Another interesting article on corruption in China, this one focusing on bribery in the courts. Here’s the abstract:
Despite its rampant presence, judicial corruption in China has often been regarded as the idiosyncratically deviant behavior of a few black sheep eluding prescribed judicial conduct. This entrenched assumption has both discouraged in-depth investigation of the phenomenon of judicial corruption and inhibited proper understanding of the functioning of China’s courts. This article, based on an empirically grounded examination of the processing of court rulings tainted by corruption, showed that judicial corruption in China is an institutionalized activity systemically inherent in the particular decision-making mechanism guided by the Chinese Communist Party’s instrumental rule-by-law ideal. In investigating what has contributed to the institutionalization of judicial corruption, the interplay between law and party politics in China’s courts was also examined. The findings, therefore, also shed light on behind-the-courtroom judicial activities and on the enduring perplexity of the gap between the law in the book and the law in action.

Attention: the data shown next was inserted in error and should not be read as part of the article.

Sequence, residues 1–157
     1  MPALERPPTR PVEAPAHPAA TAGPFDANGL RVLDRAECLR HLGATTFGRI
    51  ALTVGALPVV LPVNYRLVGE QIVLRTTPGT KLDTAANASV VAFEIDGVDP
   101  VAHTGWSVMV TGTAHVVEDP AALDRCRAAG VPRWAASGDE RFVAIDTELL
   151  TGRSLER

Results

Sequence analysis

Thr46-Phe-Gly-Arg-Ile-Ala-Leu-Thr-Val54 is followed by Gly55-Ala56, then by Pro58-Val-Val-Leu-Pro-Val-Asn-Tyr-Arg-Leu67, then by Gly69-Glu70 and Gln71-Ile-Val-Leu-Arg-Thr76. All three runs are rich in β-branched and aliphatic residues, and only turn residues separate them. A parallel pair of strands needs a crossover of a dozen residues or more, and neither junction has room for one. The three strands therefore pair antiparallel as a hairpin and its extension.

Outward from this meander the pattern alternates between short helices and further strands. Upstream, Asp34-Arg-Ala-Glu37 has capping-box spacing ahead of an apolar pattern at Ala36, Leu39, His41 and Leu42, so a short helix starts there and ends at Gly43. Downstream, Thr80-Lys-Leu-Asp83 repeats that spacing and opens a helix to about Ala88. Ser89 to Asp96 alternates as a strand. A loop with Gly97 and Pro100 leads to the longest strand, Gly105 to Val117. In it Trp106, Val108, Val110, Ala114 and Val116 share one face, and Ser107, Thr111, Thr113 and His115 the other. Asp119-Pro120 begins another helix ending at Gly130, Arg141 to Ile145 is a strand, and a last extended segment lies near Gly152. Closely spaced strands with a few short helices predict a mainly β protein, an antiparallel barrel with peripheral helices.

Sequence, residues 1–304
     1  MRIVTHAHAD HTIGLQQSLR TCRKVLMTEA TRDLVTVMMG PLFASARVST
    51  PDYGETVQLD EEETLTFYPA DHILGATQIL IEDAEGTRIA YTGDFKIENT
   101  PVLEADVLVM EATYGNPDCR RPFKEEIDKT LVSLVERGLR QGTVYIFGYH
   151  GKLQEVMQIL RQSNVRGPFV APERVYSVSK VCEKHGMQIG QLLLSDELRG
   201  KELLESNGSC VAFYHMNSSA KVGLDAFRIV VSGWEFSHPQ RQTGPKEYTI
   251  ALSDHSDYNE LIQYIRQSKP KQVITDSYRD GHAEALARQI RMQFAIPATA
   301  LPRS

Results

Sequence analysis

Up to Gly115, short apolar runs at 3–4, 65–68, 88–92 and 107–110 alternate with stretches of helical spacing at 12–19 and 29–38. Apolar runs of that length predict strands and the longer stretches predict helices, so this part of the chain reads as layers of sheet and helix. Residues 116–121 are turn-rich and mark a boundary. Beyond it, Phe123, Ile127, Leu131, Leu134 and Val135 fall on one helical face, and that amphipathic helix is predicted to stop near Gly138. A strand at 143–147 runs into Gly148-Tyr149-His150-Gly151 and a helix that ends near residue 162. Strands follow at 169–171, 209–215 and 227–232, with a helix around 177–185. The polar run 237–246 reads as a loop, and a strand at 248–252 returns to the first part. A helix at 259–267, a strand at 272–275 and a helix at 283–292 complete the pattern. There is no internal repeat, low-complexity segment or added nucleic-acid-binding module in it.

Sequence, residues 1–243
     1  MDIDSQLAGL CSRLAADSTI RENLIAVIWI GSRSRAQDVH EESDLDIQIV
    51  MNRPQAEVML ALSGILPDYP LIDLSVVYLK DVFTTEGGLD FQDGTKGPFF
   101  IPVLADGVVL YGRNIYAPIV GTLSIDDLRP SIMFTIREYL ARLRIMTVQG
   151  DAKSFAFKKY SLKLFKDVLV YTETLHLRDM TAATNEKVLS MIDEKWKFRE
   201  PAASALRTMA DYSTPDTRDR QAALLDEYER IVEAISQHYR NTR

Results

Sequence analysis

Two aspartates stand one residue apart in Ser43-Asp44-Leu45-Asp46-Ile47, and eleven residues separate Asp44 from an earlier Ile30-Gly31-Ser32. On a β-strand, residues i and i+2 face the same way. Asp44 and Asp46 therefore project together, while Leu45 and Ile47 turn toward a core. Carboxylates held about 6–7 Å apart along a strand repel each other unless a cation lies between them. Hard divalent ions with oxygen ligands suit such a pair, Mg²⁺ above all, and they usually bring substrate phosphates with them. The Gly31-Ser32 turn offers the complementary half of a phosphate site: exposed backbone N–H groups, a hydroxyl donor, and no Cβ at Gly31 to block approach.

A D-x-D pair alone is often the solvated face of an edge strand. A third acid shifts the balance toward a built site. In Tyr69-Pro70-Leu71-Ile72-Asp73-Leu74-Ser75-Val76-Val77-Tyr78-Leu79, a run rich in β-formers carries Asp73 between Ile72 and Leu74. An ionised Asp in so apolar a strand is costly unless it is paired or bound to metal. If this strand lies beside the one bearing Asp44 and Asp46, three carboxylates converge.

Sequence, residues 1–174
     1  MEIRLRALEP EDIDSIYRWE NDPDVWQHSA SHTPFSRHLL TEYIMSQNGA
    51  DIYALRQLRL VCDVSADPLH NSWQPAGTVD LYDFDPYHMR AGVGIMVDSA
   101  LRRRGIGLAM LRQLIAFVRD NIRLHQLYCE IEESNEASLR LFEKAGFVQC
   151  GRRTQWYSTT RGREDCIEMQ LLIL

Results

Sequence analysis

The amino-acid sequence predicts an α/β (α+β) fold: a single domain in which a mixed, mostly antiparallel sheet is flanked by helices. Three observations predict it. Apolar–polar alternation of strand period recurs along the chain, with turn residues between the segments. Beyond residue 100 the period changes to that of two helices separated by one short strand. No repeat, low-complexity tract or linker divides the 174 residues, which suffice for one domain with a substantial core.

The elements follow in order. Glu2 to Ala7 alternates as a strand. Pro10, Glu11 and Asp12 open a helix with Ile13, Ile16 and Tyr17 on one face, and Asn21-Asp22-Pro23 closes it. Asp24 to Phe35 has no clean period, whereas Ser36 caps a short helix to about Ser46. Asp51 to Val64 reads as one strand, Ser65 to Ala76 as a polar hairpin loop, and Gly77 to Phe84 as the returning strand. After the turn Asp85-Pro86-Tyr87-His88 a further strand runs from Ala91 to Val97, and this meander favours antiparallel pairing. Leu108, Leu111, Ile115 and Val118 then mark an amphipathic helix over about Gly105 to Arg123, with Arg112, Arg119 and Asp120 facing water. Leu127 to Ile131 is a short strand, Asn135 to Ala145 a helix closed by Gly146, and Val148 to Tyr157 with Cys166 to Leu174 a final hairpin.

The primary source of data is media reports on 388 cases report in Chinese media between 2005 and 2008 as archived on internet news portals. I too am using local newspapers to build a database of corruption incidents in Indonesia, but I would have thought that this data source would have been much more problematic in a country such as China than Indonesia. Of course a more thorough reading of the article is warranted.
The author, Ling Li, is a senior research fellow at the US-Asia Law Institute at New York University. Here’s a link to the article on Law and Social Inquiry’s website (subscription required) and below is the complete citation.
Ling Li, “The ‘Production’ of Corruption in China’s Courts: Judicial Politics and Decision Making in a One‐Party State,” Law & Social Inquiry (2012),